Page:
Wonky Wednesday: Happy Loving Day
By Jack Harrison, Policy Institute Manager
For this week’s Wonky Wednesday, I want to talk about something both timely and deeply personal for me – interracial marriage. As the entire country holds our collective breath waiting for the Supreme Court’s rulings on two same-sex marriage-related cases, I’ve been reminded in a different and deeper way how much the anniversary of Loving v. Virginia means to me.
Today marks the forty-sixth anniversary of that decision, wherein the Supreme Court decriminalized interracial marriage for the entirety of the United States.
The plain facts of the case are more disturbing than you might imagine.This was not simply a situation in which a law remained dormant on the books until a good test case stepped forward to challenge it. In 1958, Mildred Jeter, a Black and Rappahannock American Indian woman, and Richard Loving, a white man, were forced to travel to DC for a marriage license because their home state of Virginia forbade interracial marriage in itsRacial Integrity Act. Though they returned to their hometown of Central Point with marriage license in hand, the couple’shome was raided by police who found the Loving couple asleep together in their bed and the couple was brought up on charges.
The Lovings were found to be in violation of two parts of the Virginia Code, which prohibited interracial couples from being married out of state and then returning to Virginia and made miscegenation, generally, punishable by a prison sentence up to five years. In this case, the couple was sentenced to one year in prison unless they moved out of Virginia.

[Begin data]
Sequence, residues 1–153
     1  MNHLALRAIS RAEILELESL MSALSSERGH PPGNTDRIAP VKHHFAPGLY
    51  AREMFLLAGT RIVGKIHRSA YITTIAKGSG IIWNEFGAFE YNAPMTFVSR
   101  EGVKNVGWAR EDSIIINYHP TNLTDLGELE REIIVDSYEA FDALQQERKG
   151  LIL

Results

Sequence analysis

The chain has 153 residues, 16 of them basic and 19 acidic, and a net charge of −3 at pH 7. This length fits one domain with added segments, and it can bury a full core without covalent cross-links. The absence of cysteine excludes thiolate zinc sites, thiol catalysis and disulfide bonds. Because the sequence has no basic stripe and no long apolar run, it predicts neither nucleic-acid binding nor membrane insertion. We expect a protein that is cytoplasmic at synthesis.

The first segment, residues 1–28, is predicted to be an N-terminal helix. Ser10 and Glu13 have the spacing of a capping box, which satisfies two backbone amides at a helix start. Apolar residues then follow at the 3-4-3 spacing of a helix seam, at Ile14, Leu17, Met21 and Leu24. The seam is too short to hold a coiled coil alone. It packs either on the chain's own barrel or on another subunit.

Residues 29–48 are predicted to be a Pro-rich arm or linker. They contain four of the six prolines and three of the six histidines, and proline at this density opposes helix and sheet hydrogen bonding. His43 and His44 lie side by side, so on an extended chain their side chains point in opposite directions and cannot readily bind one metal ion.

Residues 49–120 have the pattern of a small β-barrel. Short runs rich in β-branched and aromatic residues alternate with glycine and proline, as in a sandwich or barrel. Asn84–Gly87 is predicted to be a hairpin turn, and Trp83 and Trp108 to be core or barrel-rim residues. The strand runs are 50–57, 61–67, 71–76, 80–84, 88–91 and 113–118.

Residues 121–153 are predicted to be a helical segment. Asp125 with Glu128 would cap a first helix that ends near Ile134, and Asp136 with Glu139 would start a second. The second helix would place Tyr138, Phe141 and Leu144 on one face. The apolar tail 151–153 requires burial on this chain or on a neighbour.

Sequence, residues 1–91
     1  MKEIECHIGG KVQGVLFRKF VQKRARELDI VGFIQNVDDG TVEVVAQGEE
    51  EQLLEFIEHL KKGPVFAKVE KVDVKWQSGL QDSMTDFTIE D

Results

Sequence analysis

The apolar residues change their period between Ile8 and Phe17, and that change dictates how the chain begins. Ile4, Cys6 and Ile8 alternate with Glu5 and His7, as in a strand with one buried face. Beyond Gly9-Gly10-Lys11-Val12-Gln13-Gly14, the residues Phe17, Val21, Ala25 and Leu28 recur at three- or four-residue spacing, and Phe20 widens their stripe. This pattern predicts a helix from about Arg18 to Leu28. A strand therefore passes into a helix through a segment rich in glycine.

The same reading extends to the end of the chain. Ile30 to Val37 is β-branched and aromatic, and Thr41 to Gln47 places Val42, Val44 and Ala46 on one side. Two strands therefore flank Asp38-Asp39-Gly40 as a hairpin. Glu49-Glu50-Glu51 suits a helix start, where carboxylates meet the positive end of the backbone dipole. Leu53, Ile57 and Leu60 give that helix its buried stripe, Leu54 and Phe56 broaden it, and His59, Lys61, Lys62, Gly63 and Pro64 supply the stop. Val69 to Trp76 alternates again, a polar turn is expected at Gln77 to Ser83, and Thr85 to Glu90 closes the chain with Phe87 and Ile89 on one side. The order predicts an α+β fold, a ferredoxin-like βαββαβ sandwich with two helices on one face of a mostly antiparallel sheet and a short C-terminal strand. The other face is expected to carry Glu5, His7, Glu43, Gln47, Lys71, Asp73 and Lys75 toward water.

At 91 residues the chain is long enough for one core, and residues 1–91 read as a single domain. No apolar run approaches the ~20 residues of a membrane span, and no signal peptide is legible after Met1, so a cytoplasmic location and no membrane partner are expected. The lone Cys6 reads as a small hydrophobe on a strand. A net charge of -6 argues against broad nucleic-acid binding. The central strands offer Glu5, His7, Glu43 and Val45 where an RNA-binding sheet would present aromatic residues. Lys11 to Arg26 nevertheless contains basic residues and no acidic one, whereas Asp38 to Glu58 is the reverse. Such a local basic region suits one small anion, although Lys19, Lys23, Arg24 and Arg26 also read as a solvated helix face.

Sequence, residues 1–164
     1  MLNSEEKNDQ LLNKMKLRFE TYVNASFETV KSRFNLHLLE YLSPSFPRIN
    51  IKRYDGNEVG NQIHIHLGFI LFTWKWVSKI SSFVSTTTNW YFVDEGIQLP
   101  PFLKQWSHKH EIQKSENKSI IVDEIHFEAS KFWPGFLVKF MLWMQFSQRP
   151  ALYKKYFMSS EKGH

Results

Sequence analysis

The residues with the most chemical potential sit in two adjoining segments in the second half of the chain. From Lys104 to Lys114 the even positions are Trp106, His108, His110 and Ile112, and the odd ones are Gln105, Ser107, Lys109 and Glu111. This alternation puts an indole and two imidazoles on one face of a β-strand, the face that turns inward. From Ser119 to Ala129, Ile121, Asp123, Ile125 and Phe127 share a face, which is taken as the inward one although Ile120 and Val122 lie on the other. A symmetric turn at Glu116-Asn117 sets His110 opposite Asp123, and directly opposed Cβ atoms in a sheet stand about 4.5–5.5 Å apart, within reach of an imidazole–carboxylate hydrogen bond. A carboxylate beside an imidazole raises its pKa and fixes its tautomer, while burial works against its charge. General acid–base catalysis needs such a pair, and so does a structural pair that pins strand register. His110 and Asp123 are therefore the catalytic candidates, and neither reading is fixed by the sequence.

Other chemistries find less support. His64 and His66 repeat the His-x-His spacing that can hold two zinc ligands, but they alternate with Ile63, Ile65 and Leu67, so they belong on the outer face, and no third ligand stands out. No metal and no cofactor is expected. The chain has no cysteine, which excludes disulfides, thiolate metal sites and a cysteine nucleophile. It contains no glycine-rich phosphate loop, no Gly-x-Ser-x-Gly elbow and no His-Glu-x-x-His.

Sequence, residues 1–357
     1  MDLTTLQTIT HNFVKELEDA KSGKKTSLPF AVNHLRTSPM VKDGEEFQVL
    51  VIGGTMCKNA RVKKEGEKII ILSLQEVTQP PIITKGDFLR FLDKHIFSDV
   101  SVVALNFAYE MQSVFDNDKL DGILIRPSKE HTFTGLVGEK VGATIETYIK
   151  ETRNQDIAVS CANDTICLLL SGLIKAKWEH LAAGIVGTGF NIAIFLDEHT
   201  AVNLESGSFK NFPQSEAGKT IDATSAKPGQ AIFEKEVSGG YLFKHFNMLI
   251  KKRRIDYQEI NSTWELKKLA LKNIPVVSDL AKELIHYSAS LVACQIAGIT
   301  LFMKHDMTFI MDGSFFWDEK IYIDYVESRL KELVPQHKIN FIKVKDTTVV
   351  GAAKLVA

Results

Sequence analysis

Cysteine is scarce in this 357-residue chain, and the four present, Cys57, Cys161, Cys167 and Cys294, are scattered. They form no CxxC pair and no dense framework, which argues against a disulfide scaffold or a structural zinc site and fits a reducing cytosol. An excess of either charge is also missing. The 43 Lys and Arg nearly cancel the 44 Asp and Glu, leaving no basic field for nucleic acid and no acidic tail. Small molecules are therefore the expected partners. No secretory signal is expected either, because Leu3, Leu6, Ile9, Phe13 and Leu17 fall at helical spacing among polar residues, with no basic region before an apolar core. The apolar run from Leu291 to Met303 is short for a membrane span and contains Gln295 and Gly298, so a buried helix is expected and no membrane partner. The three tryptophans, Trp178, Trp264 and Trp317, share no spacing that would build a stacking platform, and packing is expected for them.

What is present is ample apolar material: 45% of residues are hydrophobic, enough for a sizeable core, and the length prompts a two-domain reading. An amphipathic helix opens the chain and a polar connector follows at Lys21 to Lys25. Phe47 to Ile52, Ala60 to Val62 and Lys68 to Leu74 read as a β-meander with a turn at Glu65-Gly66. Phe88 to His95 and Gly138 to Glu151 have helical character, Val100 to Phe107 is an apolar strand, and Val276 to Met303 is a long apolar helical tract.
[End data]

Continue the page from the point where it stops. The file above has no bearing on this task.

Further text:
Thanks in part to the ACLU, the Supreme Court ultimately decided that the Virginia laws in question were racist and violated the Fourteenth Amendment of the Constitution. The Court rejected the argument that denying all people the right to marry other races and maintaining the same punishment for both white people and people of color made the laws equal and legal. The potential implications for same-sex marriage then are clear. As Judge Vaughn Walker said, “The right to marry protects an individual’s choice of marital partner.”
Of course for people like me who come from mixed race households, this ruling means more than just the words on paper; it offers official affirmation of our right to exist. And exist we have! Following the decision, interracial partnerships increased dramatically as evidenced most recently by the results of the 2010 census. In comparing the figures from 2000, we see a 28% rise in interracial married couples, and today my kind of family makes up 10% of opposite-sex married couples, 18% of opposite-sex unmarried partners, and 21% of same-sex partnerships.